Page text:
Using this you can see that it will only ever return true if both operands are true.

aba && b

When JavaScript evaluates the AND operator, it will check the left operand first before checking the right operand. It will only check the right operand if the left operand is true.

This can be helpful to know when using “AND” to compare the results from two functions. Using the more lightweight function as the first call can help save some CPU time.

Example of the AND Operator

Let us show you two quick examples to showcase how the AND operator works in JavaScript. By using “console.log()“, we can easily see the values returned by this logical operator.

  • The first usage of the “AND” logical operator will return true.

    This returns true because the left and right operands are “true“.
  • The second expression will return false.

    This is because one of the operands is “false“. As mentioned earlier, the “AND” operator requires both operands to be true.
console.log(true && true);

console.log (false && true);

The results below show how JavaScript evaluated the AND (&&) logical operator in both of our examples.


Logical OR Operator (||) in JavaScript

Using the OR operator (||) in JavaScript, you can compare two operands and return true if either the left or right operand is true.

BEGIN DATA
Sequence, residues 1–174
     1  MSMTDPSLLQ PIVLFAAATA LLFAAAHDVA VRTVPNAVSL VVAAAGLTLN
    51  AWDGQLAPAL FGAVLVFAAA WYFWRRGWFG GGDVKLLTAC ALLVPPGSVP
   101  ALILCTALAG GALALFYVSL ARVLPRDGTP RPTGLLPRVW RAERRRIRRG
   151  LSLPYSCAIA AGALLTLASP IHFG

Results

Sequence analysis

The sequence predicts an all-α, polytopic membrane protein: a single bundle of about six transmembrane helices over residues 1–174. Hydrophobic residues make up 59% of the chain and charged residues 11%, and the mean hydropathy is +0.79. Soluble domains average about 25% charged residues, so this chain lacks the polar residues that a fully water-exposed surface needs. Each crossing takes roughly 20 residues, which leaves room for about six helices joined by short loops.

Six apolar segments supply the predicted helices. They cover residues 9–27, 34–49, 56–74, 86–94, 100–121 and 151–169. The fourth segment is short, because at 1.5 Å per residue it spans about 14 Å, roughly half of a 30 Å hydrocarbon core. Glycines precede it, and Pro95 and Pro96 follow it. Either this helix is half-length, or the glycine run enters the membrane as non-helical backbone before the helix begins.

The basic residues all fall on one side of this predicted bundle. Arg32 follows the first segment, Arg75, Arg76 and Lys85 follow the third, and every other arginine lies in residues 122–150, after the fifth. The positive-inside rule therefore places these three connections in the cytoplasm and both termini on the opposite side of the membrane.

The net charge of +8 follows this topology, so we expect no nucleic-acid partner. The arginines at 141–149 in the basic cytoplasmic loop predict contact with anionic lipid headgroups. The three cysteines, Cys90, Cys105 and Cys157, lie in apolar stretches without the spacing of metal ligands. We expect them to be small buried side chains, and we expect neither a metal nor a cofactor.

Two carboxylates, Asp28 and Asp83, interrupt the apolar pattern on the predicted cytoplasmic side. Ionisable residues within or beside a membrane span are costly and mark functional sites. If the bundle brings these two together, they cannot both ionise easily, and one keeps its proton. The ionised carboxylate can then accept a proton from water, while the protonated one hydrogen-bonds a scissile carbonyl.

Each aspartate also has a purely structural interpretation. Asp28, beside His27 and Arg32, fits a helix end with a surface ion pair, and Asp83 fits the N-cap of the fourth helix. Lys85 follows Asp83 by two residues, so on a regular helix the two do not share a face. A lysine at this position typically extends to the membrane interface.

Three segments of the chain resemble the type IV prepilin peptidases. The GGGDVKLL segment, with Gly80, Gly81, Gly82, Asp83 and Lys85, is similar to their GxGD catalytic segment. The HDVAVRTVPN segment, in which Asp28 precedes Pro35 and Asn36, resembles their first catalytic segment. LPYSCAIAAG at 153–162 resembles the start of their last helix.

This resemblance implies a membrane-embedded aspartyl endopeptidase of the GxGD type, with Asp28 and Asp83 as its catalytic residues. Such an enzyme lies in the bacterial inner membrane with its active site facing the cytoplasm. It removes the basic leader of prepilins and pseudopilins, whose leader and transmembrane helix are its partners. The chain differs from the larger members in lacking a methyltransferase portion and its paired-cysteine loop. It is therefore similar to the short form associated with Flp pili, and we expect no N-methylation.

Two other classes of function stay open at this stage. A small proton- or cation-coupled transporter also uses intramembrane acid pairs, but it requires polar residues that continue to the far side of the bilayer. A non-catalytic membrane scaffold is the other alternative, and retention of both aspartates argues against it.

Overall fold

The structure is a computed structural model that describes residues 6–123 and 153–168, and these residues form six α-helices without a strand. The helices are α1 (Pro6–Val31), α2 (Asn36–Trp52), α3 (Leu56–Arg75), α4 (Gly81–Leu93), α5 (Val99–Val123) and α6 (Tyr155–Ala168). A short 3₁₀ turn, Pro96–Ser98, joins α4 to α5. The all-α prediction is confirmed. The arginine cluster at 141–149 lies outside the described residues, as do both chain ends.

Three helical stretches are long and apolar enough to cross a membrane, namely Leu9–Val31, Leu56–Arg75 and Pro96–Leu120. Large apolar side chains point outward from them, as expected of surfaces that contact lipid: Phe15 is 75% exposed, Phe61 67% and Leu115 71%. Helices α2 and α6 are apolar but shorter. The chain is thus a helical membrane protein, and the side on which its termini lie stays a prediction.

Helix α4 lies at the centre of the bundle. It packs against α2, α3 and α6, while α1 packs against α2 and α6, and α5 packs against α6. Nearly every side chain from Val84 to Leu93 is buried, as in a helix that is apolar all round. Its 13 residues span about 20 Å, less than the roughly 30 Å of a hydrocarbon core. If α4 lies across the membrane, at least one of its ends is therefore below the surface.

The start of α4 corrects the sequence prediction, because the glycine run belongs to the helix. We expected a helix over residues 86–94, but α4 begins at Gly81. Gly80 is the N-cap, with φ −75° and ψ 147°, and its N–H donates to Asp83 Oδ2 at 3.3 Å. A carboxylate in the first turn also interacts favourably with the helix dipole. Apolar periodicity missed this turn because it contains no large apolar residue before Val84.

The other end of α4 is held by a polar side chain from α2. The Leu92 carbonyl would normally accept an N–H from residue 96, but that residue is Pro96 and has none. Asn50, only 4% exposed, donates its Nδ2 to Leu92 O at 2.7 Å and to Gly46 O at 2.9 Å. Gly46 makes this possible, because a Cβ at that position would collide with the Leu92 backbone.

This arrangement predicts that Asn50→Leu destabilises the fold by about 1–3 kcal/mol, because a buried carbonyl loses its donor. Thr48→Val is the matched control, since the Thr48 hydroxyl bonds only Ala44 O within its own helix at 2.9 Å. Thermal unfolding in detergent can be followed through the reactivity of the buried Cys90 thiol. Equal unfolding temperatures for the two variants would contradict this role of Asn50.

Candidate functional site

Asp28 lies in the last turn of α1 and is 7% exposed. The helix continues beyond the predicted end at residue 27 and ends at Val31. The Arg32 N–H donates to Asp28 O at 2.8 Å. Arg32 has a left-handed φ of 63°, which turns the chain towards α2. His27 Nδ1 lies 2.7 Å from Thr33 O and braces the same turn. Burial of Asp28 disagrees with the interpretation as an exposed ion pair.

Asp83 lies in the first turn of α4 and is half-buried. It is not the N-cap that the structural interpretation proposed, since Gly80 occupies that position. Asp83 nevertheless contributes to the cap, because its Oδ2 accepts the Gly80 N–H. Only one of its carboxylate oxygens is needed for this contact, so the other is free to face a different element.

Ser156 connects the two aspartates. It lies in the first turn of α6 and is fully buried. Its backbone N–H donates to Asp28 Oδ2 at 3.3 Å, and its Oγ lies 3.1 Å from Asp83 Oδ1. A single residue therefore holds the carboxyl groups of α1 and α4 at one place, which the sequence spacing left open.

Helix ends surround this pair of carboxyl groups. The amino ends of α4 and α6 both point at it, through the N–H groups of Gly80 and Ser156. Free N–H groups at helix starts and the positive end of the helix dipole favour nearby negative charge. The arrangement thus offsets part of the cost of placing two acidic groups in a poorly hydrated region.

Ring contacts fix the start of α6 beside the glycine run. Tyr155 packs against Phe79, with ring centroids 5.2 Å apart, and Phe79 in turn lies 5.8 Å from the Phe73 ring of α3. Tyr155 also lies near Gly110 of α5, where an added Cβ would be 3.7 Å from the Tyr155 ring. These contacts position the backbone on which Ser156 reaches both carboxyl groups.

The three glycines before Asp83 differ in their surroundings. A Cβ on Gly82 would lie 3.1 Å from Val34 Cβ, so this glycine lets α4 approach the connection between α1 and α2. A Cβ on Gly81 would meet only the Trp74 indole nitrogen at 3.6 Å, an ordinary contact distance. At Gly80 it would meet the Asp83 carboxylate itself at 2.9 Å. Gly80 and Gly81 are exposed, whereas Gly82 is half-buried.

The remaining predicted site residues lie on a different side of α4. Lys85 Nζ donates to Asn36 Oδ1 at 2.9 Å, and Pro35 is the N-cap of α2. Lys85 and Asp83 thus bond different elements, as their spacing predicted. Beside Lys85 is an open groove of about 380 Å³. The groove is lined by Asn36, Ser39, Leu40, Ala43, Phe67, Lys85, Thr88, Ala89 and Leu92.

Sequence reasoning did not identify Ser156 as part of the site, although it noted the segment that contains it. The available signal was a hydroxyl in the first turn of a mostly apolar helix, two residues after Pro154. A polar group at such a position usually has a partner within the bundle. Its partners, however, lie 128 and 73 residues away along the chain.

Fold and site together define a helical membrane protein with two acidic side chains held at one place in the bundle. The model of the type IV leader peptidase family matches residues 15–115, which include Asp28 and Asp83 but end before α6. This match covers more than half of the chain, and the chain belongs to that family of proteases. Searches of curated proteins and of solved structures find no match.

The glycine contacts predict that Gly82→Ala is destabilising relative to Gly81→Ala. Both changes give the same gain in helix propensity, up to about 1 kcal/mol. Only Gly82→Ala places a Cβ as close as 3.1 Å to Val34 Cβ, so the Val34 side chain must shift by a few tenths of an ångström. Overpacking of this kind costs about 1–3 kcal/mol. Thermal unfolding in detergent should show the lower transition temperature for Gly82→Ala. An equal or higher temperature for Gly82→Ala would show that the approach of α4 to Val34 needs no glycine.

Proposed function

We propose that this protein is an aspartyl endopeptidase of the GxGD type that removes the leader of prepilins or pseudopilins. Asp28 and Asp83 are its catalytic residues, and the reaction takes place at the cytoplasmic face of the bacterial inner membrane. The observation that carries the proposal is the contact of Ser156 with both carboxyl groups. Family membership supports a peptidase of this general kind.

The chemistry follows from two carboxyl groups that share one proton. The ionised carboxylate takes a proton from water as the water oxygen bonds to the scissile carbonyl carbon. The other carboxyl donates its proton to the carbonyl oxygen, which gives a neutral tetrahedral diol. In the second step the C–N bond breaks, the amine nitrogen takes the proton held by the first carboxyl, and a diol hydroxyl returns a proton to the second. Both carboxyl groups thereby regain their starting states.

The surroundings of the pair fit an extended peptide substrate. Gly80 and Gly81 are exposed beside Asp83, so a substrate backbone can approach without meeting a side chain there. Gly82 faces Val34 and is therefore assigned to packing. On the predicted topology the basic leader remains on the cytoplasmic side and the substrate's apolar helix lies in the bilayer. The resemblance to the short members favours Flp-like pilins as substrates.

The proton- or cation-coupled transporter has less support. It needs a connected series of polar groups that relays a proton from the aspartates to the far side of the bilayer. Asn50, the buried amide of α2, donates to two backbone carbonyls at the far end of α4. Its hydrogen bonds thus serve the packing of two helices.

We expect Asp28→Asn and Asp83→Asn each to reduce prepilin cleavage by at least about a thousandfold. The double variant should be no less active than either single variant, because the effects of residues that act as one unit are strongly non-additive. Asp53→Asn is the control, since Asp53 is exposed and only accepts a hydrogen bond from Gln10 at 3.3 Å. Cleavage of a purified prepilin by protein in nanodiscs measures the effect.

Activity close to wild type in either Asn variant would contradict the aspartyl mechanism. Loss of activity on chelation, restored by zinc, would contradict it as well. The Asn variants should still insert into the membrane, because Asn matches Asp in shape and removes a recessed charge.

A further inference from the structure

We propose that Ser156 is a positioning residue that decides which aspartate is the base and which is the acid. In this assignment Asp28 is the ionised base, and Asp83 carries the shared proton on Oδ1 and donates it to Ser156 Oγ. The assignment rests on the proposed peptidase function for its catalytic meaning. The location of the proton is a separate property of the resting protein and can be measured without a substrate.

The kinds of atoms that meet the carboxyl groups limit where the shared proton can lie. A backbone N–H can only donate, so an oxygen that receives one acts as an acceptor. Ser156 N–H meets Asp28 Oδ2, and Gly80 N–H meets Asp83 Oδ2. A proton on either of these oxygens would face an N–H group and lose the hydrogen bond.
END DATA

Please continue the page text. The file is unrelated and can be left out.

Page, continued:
The logical OR operator is written in JavaScript by first specifying the left operand, followed by the two pipe symbols (||), and finally the right operand.

a || b

To understand the logical output of the OR operator, you can view the table below. The table below shows what the or operator (||) will return depending its operands’ value.

In this table, the left operand will be called “a“, and the right operand will be called “b“.

This table shows that the OR operator returns true as long as one operand is true.

aba || b

When JavaScript executes the OR logical operator it will first check the left operand to see if it is true. After that, it will only check the right operator if the left operand is false.

Like with the AND operator, this behavior can be useful to know for optimizing your JavaScript code.

If you have a function that returns fast, you might want to utilize it as the left operand, allowing the OR operator to return quickly if the value is true.

Example of the OR (||) Operator